A week ago Sony became the first of the major labels to offer some of their catalog on eMusic. In celebration, eMusic raised their rates. Significantly. Now I have no problem admitting that their business model was probably threatened and that my 17 cent per song account could not last forever, but they managed to butcher the situation worse than just about anybody could imagine.

  • Even though the “announcement” of the changes was made at the end of May, not a single e-mail to subscribers was ever sent. The original letter from the CEO was actually posted to a blog that they refer to as “unofficial”.
  • That post only spoke about the introduction of the Sony catalog – it conveniently ignored that they had already begun to implement a massive overhaul of their pricing structure.
  • Sony… SONY?!?! They went with the most heinous of the 4 major labels? This company holds nothing but contempt for their customers and that’s who they go with? The company that saw nothing wrong with infecting their customers’ computers with malware?
  • Oh, and we won’t even get the latest from Sony. Just the stuff more than 2 years old that MOST OF US ALREADY OWN!
  • They don’t just end the grandfathering of old accounts (something they claimed they would never do) – they come up with a whole new set of them. My friends who were on smaller plans then me would actually be switched (assuming they didn’t cancel) to a better plan than I am allowed to chose.
  • A couple posts on the message board claimed that they were listening, but several important questions were ignored, which leads us to the biggest screwup:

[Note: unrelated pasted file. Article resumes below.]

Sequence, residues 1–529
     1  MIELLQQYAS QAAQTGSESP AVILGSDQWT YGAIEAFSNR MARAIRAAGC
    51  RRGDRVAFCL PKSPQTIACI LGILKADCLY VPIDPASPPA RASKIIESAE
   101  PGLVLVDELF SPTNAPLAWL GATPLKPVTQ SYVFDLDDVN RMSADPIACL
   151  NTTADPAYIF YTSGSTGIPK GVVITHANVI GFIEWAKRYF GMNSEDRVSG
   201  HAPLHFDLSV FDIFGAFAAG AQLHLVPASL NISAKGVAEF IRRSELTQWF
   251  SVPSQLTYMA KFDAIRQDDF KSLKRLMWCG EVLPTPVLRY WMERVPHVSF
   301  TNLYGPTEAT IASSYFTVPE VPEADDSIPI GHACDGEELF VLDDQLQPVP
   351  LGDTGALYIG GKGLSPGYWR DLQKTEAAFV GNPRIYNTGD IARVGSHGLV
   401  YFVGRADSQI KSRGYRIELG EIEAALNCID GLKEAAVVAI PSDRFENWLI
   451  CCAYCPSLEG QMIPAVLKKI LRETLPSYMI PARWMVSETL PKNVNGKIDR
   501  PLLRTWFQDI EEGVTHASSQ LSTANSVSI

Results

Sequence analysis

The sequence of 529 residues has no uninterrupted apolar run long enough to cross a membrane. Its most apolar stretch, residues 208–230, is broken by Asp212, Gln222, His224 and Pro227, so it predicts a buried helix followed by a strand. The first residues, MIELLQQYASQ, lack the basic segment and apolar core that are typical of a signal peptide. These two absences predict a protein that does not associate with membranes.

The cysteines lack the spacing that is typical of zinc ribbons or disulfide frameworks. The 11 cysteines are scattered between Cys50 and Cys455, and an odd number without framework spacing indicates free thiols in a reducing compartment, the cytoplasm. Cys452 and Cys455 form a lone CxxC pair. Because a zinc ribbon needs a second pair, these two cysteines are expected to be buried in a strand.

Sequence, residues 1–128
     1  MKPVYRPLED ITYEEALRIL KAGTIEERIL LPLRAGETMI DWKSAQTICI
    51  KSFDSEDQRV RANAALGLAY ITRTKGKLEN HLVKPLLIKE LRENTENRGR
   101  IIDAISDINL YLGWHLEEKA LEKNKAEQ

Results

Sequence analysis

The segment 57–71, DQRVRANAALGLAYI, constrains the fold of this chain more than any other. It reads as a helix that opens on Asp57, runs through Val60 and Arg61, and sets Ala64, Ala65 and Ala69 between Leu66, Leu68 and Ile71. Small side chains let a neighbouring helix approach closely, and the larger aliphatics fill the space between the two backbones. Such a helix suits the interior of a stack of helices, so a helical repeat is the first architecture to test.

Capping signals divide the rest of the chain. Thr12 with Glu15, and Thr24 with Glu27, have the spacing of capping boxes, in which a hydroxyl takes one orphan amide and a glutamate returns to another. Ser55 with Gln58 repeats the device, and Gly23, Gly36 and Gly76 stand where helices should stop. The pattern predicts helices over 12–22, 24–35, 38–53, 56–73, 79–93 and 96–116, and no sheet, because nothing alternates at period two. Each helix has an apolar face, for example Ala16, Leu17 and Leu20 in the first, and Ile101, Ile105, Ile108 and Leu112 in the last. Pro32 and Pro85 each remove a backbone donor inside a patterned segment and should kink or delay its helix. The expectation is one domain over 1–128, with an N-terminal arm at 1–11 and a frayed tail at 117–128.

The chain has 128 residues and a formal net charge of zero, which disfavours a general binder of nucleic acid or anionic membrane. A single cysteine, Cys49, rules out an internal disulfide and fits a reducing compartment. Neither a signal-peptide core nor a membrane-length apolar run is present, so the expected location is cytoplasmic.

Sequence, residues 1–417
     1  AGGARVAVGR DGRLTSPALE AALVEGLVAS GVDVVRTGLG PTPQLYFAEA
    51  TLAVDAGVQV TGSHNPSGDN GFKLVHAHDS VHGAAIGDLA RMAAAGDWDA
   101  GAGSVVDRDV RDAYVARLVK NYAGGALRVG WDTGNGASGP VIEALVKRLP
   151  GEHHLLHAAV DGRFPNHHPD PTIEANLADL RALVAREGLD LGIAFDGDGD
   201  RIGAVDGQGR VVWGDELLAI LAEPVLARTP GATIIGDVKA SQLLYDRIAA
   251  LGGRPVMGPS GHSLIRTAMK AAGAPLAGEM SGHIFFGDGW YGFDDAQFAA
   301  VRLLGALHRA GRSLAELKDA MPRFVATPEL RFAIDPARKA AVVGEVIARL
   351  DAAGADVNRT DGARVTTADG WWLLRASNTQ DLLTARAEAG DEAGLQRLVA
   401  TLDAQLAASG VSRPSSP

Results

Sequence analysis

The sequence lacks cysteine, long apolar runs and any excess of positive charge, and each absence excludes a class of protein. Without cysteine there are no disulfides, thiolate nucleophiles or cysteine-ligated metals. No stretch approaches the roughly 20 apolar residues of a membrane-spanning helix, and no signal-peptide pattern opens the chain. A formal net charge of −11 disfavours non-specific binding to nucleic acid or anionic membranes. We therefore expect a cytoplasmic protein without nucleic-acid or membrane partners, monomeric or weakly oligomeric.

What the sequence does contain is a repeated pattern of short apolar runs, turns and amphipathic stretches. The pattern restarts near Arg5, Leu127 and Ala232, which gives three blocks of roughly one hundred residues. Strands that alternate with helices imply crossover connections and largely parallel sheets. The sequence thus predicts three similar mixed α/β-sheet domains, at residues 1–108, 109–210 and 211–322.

• Album-only tracks are introduced raising the costs of many albums to 12 based, not just on track length, but on popularity (that’s right – no cherry picking the good stuff from Bad or The Final Countdown). Despite several pleas from their subscribers to clarify the concept of album pricing before July, the eMusic PR person… well… lied. She said it meant a discount and never addressed the fears that some people had about 7 and 8 track albums suddenly costing 12 downloads. Which turned out to be correct.

Most of this is pretty meaningless outside of the eMusic message board, but that won’t stop me from ranting here. Fortunately they’re stuck giving me my old rate until February. But at that point I’ll see the cost of some 3 and 4 track jazz albums skyrocket from 50 cents to $5 (yes they needed a price increase – but not that much). Rather than downloading 8 or 9 albums a month, I’d only get 3 – for about the same price. I’m willing to accept a certain amount of change, but it is doubtful that they can rectify the botch job that was this Sony rollout enough to convince me to say. And that’s a little sad considering how much great music I’ve discovered over there these past few years thanks to the low cost of exploration.

Then again, after the loads of cheap and free music I’ve acquired over the last year in particular maybe it’s time for me to take a break from acquiring and focus on listening…